So, almost after all hope was lost on Day 153 the first Gila monster egg pipped from its leathery shell! Egg 02 at first cut a small slit and then a few more and over the next two days began to emerge from the egg. At first the baby Gila stuck its nose out, then it’s head, then half its body, and finally the entire body. It appears that hatching is a labor-intensive process as there are long pauses between progressive stages and also seems to be a good way of ensuring all the contents of the egg are consumed before leaving the egg. Over the ensuing days this process was (and currently is for two more lizards) repeated over and over, with Gilas emerging from their shell about two or so full days from pip to full emergence. Once the contents are completely devoured the neonate Gila monster leaves its shell and begins to wander the egg box. I witnessed one Gila that was out actually eating the egg yolk of another just coming out of its shell! Greedy bastard.
Once fully emerged and climbing around, the little monsters are pulled from the egg box, photographed, weighed, and set up solo in an 18 quart Sterelite box with paper towels as bedding and small water dish. The paper towel bedding serves as a clean substrate while the umbilical wound heals and the first few meals are eaten and passed through to make sure everything is going well. I will attempt the first feeding next week after the yolk has been fully digested and look forward to raising the babies from there!
I will be posting updates on the neonates growth, as well as some thoughts and insights on my first season captive breeding Gila monsters. Some reviews of the equipment I used is also likely in order as these items played an important role in my success. Whew, what an amazing season! The process has been fun, though frustrating and worrisome at times, and I look forward to greater success next year with these amazing reptiles!
Patience. Patience is what those in the know say. Sure, I am checking the incubator at least ten times a day for any action and patience is not my virtue, but I am old enough to know when to listen. A couple a the eggs dented in over two weeks ago, the two others are starting to dimple (not dent) and in all honesty I would be surprised if any of them hatch at this point. If they do not hatch my biggest concern is figuring out where my failure was. Is it the incubator? No, the Grumbach’s are renowned for their reliability. Is it the S.I.M. egg container? No, these have been used successfully with Gila monsters before. My temperature, though low, should not be the issue and my humidity is spot on, so it shouldn’t be that. We just started having cold fronts move through and temps have fallen so that may have a slight play into it (I have ordered a space heater to remedy this issue). At this point my guess is that since the fan in the Grumbach is unplugged that there may not be enough airflow which may be an issue, or the fact that the Pangea Hatch medium has started to grow mold adds to this theory. I do open the incubator to allow fresh air to enter but it may not be enough. Whatever the case, I will hold on hope until the last egg turns yellow and starts to sweat. If they all die I will carefully review my protocols and notes and seek the advise of successful breeders to plan for a better year next season!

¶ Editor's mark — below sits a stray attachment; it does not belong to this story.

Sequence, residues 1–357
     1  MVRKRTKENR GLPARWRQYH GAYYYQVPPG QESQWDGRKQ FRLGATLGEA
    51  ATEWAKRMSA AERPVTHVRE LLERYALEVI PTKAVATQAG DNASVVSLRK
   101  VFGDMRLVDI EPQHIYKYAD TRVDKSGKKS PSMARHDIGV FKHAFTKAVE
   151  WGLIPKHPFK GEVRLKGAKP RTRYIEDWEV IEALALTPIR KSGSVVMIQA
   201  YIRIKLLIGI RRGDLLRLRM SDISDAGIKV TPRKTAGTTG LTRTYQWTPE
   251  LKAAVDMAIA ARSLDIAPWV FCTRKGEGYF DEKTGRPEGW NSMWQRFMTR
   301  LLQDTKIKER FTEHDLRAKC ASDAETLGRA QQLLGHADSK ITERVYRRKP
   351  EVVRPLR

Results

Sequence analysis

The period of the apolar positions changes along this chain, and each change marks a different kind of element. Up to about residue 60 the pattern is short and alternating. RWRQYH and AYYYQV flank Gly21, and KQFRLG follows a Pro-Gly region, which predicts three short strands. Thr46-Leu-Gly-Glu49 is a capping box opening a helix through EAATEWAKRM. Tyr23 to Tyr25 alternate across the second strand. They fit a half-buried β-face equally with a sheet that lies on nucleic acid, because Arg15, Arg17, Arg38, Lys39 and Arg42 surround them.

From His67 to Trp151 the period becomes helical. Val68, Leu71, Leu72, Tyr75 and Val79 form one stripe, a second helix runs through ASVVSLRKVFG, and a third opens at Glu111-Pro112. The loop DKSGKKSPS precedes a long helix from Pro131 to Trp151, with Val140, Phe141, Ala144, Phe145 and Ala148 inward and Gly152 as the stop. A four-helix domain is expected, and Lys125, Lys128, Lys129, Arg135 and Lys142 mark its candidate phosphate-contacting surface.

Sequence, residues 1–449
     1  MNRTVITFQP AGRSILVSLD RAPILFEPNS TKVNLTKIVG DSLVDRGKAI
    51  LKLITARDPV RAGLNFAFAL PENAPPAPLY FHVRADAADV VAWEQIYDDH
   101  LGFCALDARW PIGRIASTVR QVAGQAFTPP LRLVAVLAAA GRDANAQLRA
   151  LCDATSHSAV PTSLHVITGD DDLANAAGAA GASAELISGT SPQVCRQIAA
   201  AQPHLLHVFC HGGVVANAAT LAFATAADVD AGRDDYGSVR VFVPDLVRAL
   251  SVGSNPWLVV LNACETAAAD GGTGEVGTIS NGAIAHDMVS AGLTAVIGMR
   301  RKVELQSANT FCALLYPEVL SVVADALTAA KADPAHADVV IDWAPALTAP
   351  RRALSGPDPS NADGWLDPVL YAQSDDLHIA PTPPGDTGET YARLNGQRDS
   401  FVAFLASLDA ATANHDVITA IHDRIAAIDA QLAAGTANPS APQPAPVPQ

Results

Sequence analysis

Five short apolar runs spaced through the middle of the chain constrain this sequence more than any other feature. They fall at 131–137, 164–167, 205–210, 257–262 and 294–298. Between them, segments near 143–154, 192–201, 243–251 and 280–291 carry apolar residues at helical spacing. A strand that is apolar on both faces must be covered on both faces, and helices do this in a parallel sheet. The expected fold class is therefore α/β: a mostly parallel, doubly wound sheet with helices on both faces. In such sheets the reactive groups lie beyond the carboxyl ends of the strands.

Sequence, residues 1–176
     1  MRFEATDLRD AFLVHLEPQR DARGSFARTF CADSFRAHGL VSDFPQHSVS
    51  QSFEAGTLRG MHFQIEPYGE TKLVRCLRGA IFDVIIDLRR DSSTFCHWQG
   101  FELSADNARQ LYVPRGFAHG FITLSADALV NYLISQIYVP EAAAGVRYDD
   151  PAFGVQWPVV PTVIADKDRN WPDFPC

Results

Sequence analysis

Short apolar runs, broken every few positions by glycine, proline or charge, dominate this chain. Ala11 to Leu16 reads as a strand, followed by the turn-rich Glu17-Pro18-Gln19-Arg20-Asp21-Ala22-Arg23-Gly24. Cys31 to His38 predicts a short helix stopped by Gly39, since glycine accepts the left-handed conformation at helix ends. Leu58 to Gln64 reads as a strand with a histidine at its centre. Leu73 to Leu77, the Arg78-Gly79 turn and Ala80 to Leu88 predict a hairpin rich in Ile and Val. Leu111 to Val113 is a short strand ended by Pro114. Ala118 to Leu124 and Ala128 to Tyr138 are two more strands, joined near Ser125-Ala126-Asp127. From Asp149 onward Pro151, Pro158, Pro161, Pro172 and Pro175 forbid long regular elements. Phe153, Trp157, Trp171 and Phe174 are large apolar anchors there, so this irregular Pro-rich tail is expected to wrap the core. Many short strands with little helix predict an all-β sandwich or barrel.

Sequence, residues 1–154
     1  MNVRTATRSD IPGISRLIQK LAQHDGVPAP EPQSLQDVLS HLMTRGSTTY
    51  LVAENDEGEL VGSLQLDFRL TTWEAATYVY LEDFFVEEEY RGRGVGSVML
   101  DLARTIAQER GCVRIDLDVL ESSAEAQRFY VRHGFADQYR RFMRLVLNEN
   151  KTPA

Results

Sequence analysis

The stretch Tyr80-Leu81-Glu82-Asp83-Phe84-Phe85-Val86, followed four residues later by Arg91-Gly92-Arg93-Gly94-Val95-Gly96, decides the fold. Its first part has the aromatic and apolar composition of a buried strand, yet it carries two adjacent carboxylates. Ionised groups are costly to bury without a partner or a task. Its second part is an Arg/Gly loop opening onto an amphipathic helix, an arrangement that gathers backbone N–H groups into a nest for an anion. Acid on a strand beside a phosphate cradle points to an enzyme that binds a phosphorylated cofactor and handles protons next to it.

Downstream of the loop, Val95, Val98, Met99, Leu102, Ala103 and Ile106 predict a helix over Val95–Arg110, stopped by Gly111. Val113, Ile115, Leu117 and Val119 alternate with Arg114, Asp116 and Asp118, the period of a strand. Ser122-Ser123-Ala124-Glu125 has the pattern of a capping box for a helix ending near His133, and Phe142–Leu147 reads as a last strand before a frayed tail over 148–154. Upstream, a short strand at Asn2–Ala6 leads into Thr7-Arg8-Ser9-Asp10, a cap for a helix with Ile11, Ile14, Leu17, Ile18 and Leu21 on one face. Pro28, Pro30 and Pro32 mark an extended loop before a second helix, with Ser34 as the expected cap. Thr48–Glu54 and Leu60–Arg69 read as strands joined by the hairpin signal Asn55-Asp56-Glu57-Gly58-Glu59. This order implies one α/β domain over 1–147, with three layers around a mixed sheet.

On another note, I have stopped feeding my adults and am turning off the lights and under-cage heating in preparation of hibernation, which will begin after Thanksgiving. I have an old refrigerator that is hooked up to a Ranco thermostat for the cool down. Would be great if I could cool them in their cages but we do not see steady enough low temps here in northern Florida to ensure the Gila will reach and stay at 53°F for the three months of brumation.
About a week or so ago, I noticed that Egg 10 was not looking so good. As only six eggs remained viable it is a hard hit when one is lost. I had kept it in the egg box in hopes it would turn around but after waiting a few days the egg started to sweat and smell so I candled it to see what was happening inside. No veins were present and there was a lot of clear yellow mass which was present in all the other eggs that died, so I knew it was no longer viable. Still hoping, I left it in the egg box for a few more days but it continued to deteriorate and smell so tonight it was removed.
After removing the egg I was morbidly curious to see what was going on, and how far the embryo had developed. Sadly, a fully-formed Gila monster was inside. It was much smaller than the typical hatchling but appeared normal overall. Why did this embryo die after being alive for so long? Has it been dead for a long time? It’s hard for me to say at this point with my limited knowledge, but I really hope that the other five eggs are healthy and hatch. Regardless of how this season turns out I am going to thoroughly review my notes and protocols and see where improvements can be made and where things may have gone wrong. At this point, my feeling is that the females were not prepared last year for this season. Maybe it was improper temperatures or not enough food but this year I know all my adults are in proper order and ready for next year. I’m not giving up on this season yet and still have hope that the five remaining eggs will sprout baby monsters in the next few weeks!